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lydgate

lydgate

lydgate Sentence Examples

  • JOHN LYDGATE (c. 1370 - c. 1451), English poet, was born at the village of Lydgate, some 6 or 7 m.

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  • / ait and John Lydgates Bearbeitungen von Boccaccios De Casibus, Munich, 1885) has thrown much doubt on this statement as regards Italy, but Lydgate knew France and visited Paris in an official capacity in 1426.

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  • that Lydgate, on completing his own education, kept school for the sons of noblemen and gentlemen.

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  • If it be true, as Bishop Alcock of Ely affirms, that Lydgate wrote a poem on the loss of France and Gascony, it seems necessary to suppose that he lived two years longer, and thus indications point to the year 1451, or thereabouts, as the date of his death.

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  • Lydgate had a consuming passion for literature, and it was probably that he might indulge this taste more fully that in 1 434 he retired from the priorate of Hatfield Broadoak (or Hatfield Regis), to which he had been appointed in June 1423.

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  • Lydgate is a most voluminous writer.

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  • For a couple of centuries Lydgate's reputation equalled, if it did not surpass, that of his master.

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  • It must be conceded as no small merit in Lydgate that, in an age of experiment he should have succeeded so often in hitting the right word.

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  • In spite of that, Lydgate is characteristically medieval - medieval in his prolixity, his platitude, his want of judgment and his want of taste; medieval also in his pessimism, his Mariolatry and his horror of death.

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  • Recent criticism has been far more impartial, and almost too much respect has been paid to his attainments, especially in the matter of metre, though Lydgate himself, with offensive lightheartedness, admits his poor craftsmanship.

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  • Lydgate's most doughty and learned apologist is Dr Schick, whose preface to the Temple of Glass embodies practically all that is known or conjectured concerning this author, including the chronological order of his works.

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  • Lydgate followed in the wake of Chaucer.

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  • John Lydgate studied him affectionately.

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  • His return to London on the 14th of February 1432 was celebrated with a great pageant devised by Lydgate.

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  • Two fragments of such a work have been preserved in texts of Lydgate's Troy-book, the first in MS. Camb.

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  • PHYSIOGNOMY, the English form of the middle Greek 4uo-coyvwµia, a contraction of the classical ciuotoyvcoµovia (from qSvQCs, nature, and yvc'oµwv, an interpreter), (i) a term which denotes a supposed science for the " discovery of the disposition of the mind by the lineaments of the body " (Bacon); (2) is also used colloquially as a synonym for the face or outward appearance, being variously spelled by the old writers: fysenamy by Lydgate, phisnomi in Udall's translation of Erasmus on Mark iv., physnomie in Bale's English Votaries (i.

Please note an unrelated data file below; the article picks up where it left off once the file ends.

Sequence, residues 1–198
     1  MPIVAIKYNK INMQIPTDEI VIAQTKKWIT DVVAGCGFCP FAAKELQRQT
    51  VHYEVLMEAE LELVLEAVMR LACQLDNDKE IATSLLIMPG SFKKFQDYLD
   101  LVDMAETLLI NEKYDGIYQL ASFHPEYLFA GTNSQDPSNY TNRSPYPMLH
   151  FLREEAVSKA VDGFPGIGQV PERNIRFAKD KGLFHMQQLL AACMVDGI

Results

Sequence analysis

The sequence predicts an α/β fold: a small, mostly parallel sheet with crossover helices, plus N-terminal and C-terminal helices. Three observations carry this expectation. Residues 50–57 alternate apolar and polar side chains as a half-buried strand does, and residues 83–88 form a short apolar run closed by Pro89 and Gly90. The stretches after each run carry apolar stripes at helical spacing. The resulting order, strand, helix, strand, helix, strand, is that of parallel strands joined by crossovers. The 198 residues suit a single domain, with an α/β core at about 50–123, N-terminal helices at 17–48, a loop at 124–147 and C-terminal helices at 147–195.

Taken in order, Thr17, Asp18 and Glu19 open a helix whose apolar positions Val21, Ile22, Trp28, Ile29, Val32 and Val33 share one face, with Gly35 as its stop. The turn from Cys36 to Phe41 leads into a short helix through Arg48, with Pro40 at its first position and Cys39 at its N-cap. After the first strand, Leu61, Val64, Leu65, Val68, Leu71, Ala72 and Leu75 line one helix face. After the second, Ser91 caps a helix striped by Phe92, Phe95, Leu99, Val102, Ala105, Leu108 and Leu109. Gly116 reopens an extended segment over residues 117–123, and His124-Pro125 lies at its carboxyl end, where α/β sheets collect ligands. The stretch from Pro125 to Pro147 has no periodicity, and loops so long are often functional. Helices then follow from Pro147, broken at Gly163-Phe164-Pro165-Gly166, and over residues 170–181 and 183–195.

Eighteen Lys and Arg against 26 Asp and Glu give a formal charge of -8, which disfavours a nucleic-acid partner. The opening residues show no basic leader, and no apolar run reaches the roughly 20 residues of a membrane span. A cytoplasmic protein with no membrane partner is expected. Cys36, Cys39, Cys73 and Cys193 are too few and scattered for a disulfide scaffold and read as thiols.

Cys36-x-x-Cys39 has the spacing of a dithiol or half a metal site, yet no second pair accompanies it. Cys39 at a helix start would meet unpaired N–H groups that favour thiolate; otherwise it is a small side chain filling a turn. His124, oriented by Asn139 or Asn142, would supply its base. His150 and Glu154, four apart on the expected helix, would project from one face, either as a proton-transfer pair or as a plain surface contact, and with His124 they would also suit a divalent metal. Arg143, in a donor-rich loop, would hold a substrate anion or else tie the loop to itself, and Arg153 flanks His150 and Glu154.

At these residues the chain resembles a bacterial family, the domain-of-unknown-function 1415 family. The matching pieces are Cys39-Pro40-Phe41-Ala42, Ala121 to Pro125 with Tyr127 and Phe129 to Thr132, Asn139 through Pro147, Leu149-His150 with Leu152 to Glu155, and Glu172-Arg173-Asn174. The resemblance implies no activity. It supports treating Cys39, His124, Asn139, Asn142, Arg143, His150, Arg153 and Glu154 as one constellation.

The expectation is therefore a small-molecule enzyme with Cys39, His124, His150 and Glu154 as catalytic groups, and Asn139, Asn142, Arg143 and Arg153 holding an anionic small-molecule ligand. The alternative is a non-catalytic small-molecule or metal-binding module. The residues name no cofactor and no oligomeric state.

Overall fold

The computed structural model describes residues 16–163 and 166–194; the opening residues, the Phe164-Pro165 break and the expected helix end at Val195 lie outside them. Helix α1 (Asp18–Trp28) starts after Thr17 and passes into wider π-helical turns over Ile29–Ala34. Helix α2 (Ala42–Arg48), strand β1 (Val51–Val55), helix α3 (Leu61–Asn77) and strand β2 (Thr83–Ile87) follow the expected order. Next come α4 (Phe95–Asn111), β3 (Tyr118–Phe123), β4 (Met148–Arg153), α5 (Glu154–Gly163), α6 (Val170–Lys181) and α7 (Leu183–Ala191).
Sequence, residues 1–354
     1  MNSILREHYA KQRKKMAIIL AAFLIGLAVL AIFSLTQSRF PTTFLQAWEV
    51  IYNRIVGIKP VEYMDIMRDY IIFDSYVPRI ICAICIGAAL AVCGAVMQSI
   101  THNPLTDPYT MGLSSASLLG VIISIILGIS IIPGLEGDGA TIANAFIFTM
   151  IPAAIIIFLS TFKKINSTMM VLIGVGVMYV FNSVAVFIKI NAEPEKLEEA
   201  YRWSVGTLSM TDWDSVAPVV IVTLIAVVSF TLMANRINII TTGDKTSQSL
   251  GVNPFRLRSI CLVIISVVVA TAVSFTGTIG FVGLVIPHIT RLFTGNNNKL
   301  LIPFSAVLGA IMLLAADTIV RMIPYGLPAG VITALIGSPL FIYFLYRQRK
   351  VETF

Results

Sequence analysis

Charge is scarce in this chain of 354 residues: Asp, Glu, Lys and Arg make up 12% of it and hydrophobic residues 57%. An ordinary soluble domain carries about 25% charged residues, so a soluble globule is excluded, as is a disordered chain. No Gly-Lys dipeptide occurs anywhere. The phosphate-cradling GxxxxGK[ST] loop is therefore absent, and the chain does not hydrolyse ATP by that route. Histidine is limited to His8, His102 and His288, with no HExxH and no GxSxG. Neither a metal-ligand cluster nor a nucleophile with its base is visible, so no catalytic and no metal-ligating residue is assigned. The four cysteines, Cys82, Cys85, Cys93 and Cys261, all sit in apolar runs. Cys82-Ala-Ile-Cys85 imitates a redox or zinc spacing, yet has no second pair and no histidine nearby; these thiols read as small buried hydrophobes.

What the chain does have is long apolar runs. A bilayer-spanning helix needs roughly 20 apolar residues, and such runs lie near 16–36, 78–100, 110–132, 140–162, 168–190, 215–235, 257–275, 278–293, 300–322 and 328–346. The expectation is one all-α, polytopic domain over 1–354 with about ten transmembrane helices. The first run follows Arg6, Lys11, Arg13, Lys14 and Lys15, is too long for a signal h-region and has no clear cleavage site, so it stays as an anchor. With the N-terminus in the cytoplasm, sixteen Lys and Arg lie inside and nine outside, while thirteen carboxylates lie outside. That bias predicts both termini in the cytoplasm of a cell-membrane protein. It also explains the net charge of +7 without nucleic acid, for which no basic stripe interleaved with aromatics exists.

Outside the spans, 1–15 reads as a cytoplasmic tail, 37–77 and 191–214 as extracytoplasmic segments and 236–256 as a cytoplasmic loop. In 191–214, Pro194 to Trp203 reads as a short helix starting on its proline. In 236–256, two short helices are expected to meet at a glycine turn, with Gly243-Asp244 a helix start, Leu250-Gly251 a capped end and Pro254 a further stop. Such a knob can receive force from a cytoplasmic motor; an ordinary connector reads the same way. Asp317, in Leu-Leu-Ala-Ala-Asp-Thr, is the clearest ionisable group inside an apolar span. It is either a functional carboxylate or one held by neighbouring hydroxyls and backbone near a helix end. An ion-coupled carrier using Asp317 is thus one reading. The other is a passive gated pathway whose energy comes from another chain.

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  • There is no trace in classical writers of the story of Shakespeare's Troilus and Cressida, the materials for which were derived from Chaucer's poem of the same name, Lydgate's History, Sege, and Destruction of Troy, Caxton's Recuyell of the Historyes of Troy (trans.

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  • Amongst English men of letters he befriended Reginald Pecock, Whethamstead of St Albans, Capgrave the historian, Lydgate, and Gilbert Kymer, who was his physician and chancellor of Oxford university.

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  • In 1866 he made a valuable contribution to the history of Scottish literature by the discovery of 2200 lines on the siege of Troy incorporated in a MS. of Lydgate's Troye Booke, and of the Legends of the Saints, an important work of some 40,000 lines.

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  • Born at Lydgate, Suffolk, John Lydgate entered the Benedictine abbey of Bury St Edmunds at fifteen.

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  • twinkling in the distance, there was dusting of snow on old Lydgate.

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  • JOHN LYDGATE (c. 1370 - c. 1451), English poet, was born at the village of Lydgate, some 6 or 7 m.

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  • Lydgate passed as a portent of learning, and, according to Bale, he pursued his studies not only at both the English universities but in France and Italy.

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  • / ait and John Lydgates Bearbeitungen von Boccaccios De Casibus, Munich, 1885) has thrown much doubt on this statement as regards Italy, but Lydgate knew France and visited Paris in an official capacity in 1426.

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  • that Lydgate, on completing his own education, kept school for the sons of noblemen and gentlemen.

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  • This "traditional biography" prolongs his life to the year 1461, but it is quite improbable that he lived many years after 1446, when Abbot Curteys died and John Baret, treasurer of Bury, signed an extant receipt for a pension which he shared with Lydgate, and which continued to be paid till 1449.